Residents out in force to oppose plans to open road in King’s Lynn
Community activists united in protest on Saturday to oppose the council’s plans to open up a restricted Lynn road to all traffic.
More than 50 residents banded together in a community walk to oppose opening Hardings Way, which is currently only open to buses, cyclists and walkers, to all traffic.
The recommended scheme is part of wider plans for the multi-million pound regeneration of the town’s waterfront area, and includes plans for 436 homes and more than 7,500 square meters of new commercial space.
Alexandra Kemp said: “When the heavens opened on Saturday morning, over 50 residents of all ages, cyclists and dog walkers from all over Lynn joined the community walk. All united in one purpose.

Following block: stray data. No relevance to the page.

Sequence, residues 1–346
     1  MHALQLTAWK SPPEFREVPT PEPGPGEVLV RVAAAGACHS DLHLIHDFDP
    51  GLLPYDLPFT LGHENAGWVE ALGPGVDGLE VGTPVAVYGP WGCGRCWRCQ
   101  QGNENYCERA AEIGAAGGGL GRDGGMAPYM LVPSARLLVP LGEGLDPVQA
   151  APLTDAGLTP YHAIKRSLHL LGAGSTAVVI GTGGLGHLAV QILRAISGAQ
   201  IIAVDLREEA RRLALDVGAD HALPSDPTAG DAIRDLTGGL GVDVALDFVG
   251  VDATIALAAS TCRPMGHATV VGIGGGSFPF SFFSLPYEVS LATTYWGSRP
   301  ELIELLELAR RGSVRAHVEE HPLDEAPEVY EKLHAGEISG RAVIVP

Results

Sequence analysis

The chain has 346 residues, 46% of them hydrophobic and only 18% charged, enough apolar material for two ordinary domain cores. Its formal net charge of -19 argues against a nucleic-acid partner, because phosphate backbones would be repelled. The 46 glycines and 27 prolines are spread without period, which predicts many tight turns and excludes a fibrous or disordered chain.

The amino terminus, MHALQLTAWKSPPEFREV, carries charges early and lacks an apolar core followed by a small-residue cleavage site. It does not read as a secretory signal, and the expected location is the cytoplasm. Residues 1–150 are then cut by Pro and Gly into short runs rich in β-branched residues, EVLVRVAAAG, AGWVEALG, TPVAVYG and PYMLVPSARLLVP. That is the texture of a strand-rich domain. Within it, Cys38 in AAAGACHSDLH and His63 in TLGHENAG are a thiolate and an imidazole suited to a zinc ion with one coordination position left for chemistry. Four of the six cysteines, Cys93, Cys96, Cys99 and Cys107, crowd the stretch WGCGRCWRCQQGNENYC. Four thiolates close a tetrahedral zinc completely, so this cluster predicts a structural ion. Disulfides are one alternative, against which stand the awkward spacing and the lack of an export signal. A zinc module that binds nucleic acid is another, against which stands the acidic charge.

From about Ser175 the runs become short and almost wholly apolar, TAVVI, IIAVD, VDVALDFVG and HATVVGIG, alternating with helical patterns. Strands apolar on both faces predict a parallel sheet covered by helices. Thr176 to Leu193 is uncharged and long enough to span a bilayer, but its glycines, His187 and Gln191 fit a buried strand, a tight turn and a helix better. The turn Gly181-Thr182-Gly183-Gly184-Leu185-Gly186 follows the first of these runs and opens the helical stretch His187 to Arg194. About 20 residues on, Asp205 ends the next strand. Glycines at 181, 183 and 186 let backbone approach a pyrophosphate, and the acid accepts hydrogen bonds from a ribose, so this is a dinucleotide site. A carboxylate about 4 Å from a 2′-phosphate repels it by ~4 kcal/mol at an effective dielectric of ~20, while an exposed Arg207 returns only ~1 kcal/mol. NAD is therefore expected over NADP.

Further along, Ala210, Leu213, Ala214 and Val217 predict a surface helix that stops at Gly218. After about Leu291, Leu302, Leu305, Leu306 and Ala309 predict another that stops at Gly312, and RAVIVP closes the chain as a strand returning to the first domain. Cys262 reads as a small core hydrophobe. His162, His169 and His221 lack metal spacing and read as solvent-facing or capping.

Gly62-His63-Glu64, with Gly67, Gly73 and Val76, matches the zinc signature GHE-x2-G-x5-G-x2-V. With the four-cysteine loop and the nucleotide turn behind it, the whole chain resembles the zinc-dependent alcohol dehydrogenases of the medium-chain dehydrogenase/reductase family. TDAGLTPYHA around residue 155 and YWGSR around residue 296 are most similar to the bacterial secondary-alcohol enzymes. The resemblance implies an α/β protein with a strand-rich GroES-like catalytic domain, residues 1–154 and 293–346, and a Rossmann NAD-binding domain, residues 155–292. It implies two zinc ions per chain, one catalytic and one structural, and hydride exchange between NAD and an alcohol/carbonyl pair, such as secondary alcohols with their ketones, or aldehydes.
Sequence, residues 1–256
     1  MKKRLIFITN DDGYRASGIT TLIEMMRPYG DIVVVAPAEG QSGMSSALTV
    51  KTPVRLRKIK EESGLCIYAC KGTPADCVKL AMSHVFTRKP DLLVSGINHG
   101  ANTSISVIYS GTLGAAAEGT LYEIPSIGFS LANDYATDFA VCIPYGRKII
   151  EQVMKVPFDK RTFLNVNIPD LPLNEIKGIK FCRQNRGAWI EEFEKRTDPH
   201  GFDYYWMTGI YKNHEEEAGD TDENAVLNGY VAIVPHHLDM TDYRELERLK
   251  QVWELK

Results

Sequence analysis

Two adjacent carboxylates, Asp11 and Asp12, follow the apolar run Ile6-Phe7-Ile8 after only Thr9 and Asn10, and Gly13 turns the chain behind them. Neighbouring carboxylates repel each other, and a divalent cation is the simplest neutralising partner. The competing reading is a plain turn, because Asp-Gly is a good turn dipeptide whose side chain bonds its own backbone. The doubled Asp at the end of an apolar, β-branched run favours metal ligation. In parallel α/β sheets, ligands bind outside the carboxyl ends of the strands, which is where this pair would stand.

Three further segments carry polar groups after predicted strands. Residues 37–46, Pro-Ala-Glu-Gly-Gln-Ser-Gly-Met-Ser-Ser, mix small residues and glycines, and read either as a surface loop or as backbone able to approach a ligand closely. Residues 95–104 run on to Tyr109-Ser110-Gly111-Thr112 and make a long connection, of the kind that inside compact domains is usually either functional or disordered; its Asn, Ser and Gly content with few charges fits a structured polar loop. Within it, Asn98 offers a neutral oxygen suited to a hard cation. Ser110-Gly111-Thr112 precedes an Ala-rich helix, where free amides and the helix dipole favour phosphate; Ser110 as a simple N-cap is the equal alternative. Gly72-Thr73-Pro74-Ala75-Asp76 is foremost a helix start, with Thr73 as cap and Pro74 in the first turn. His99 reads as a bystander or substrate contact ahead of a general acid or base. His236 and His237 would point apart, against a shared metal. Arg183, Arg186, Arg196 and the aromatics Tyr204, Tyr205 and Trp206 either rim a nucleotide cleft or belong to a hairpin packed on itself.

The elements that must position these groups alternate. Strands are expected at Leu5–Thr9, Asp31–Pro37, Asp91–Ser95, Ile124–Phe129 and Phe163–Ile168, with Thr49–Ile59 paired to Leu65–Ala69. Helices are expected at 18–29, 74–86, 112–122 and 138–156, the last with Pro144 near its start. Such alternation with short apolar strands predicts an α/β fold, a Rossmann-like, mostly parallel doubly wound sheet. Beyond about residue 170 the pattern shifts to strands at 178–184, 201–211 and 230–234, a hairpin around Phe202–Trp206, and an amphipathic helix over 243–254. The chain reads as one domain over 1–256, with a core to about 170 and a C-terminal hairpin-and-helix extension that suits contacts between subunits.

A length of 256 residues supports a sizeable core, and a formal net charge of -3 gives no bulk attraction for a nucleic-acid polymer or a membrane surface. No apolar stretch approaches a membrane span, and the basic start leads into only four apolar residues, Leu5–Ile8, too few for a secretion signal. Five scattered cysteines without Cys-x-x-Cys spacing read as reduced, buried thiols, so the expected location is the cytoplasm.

“Everyone wanted the borough to listen to local residents, and recognise and respect the uniqueness of the strategic cultural, heritage, wildlife, community, tourist and waterfront asset that is Hardings Way and Hardings Pits. Not spoil it with traffic that would turn Wisbech Road into a bottleneck, causing queues and pollution when vehicles turn into Hardings Way.”
The scheme also envisages new footbridges between the Nar Loop and South Quay, a new public square at Boal Quay, “National Trust-style” parking on the Nar Loop and additional mooring and watersport facilities.
Rob Archer, a member of the Green Party, said: “The original Hardings Way was opened in 2004 as a dedicated walking and cycling corridor linking the housing in South Lynn with the town centre, partly funded from Sustrans ‘Safe Routes to School’ funding.
“The £3.5 million for the bus way conversion in 2010 came from the Community Infrastructure Fund, which was intended for public transport, cycling and walking schemes.
“If the borough does proceed with this crazy scheme there will be pressure to pay it back.”